… or float a trial balloon to see whither the wind blows before Obama goes for Bernie’s knees

    Exhibit A from Twitter … which was quickly followed up by Exhibit B in protest. So which is it?
    I’ll reiterate my opinion: Obama is going to stay quiet. He’d be a monumental fool to do otherwise. But perhaps that’s who he is …

    Reply
    1. NotTimothyGeithner

      Obama is about Obama. The question is can he help Warren. Buttigieg is a clown, and Biden would be an indictment on Obama regardless as they pimped Biden too much when he was basically just selected because Bayh and Kaine were too obviously clods.

      Reply
      1. ChrisAtRU

        #Concur

        Not sure how much Obama helps Liz while “HeirB&B” (Biden and Buttigieg) are still in the race. If team #PaidToLose really wanted to win, they’d sacrifice the cross-generational B’s toute-suite on the altar of “Bernie Must Not Win”, let Liz inherit the numbers and go toe to toe with Bernie. Maybe Obama will wait till one or both B’s fall off the edge of the cliff, but by then Bernie’s lead and momentum may well be unassailable.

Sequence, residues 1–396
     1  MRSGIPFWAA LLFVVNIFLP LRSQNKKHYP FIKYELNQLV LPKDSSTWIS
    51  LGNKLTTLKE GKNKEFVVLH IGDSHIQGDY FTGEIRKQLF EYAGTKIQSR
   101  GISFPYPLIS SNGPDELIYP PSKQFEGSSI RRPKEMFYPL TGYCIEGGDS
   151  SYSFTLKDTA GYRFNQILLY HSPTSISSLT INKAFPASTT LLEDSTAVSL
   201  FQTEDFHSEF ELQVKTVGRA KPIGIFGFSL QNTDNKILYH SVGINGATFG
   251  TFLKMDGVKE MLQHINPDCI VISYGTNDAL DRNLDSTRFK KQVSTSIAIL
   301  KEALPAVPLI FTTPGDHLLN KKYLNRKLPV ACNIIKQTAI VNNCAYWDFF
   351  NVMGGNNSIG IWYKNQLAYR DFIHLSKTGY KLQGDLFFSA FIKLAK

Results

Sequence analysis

Thing is, by all appearances, the DNC backroom calculus seems to be: keep as many candidates in the race to split the delegates as much as possible to prevent Bernie from hitting 51%. I don’t think it’s outlandish to suggest that the “pied piper” brain trust has gotten it completely wrong given the field.

        Reply
        1. NotTimothyGeithner

          I don’t think he can help Warren anymore any more, but there was a time for a path to victory if he had come out and knifed Biden early. Harris maybe too…but I’m not sure how she really would have fared given her terrible Cali numbers anyway.

          Buttigieg, Booker, and O’Rourke are all too goofy and bad versions of Obama. Castro never went anywhere. And lets be honest, there isn’t much stomach for a Tim Kaine type in the electorate.

          He’s set out to build a media empire, so its possible he really doesn’t want to risk offending anyone at this point. Being the guy who wore the “taupe” (is that a color?) suit that one time is probably not worth risking people learning more about his record. Thanks Obama for fracking!

          Reply
        2. John k